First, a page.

NASHVILLE, Tenn. – Jasmine A. Kwasa, Ph.D. presented the Rebecca Goldberg Kaufman AES Clinical Lecture in Ethical Neuropsychiatry during the 2022 Annual Meeting of the American Epilepsy Society (AES). Dr. Gipson spoke on Research on Inclusive EEG Methods and Best Practices for Coarse, Curly, and Dense Hair during the Best Practices in Clinical Epilepsy Symposium.
Dr. Kwasa is a special faculty and NIH K00 post-doctoral fellow in the Neuroscience Institute at Carnegie Mellon University (CMU). SHe earned her B.S. from Washington University in St. Louis, her M.S. from Boston University (both in Biomedical Engineering), and her Ph.D. in Electrical and Computer Engineering from CMU. Her current research seeks to develop neurotechnologies, such as EEG and fNIRS, optimized for coarse, curly hair and dark pigmentation (melanin) with collaborators at CMU. She is also a neuro-ethicist and writes about the future of inclusive neurotech and the history of racial bias in neuroscience, medicine, and technology.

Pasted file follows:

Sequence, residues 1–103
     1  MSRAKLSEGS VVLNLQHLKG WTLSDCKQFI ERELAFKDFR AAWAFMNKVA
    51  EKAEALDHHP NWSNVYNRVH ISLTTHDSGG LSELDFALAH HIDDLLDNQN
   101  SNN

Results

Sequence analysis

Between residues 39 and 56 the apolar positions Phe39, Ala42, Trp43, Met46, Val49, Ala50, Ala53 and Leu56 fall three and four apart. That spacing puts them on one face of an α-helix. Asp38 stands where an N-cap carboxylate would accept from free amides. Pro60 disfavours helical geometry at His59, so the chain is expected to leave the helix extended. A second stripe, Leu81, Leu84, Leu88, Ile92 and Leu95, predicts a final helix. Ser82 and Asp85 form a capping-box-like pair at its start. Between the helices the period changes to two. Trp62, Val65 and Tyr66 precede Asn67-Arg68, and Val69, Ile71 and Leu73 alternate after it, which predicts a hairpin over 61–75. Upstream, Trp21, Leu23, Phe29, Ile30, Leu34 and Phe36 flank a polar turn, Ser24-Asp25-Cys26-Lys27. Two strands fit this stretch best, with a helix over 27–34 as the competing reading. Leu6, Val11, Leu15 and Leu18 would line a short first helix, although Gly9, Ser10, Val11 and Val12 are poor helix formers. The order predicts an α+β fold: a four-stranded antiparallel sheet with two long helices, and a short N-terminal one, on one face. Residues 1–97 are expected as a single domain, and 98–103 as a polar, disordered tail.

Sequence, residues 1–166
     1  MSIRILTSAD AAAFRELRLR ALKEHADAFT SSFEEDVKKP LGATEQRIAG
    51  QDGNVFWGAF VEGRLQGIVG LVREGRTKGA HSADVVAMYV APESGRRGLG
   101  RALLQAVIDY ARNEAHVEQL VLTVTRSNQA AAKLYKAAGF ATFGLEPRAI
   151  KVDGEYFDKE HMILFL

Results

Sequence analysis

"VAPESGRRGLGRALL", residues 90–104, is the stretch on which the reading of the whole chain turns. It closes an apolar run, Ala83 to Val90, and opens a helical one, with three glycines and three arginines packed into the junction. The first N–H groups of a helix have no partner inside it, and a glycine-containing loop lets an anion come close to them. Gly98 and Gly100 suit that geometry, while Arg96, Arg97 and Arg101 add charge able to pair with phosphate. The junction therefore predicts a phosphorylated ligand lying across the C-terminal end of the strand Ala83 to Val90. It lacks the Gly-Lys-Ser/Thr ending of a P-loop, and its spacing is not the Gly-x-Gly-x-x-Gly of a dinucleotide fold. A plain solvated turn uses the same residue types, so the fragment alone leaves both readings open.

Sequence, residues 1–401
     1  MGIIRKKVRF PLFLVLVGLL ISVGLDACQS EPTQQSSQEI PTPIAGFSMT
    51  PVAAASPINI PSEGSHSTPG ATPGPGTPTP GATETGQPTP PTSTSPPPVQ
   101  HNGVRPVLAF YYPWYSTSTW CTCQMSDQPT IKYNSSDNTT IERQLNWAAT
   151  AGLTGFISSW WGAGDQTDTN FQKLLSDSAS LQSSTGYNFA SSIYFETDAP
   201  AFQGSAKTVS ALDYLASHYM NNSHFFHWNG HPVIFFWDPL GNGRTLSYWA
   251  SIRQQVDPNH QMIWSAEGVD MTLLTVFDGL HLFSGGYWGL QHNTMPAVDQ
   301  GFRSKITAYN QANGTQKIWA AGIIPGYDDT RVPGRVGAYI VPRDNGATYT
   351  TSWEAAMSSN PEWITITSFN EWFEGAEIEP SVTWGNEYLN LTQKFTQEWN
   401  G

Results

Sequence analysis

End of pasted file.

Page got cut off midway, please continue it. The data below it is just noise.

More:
Dr. Kwasa has received several honors throughout her training, including being named a Ford Foundation Fellow, an NSF Graduate Research Fellow, a Society for Neuroscience fellow, and a “Rising Star in Biomedical Sciences" by MIT. In her free time, she is a dance fitness instructor and enjoys travel and quality time with her enormous family.
The Rebecca Goldberg Kaufman AES Clinical Award in Ethical Neuropsychiatry honors the memory of educator Rebecca Goldberg Kaufman, who held knowledge and compassion as keystone virtues. As a mother of a child with epilepsy, she understood the significant psychiatric and social ramifications of epilepsy. Supported by the AES Rebecca Goldberg Kaufman Fund, this lecture promotes clinical neuropsychiatry, the psychiatric aspects of epilepsy, and/or the use of antiepileptic drugs in the treatment of psychiatric disorders.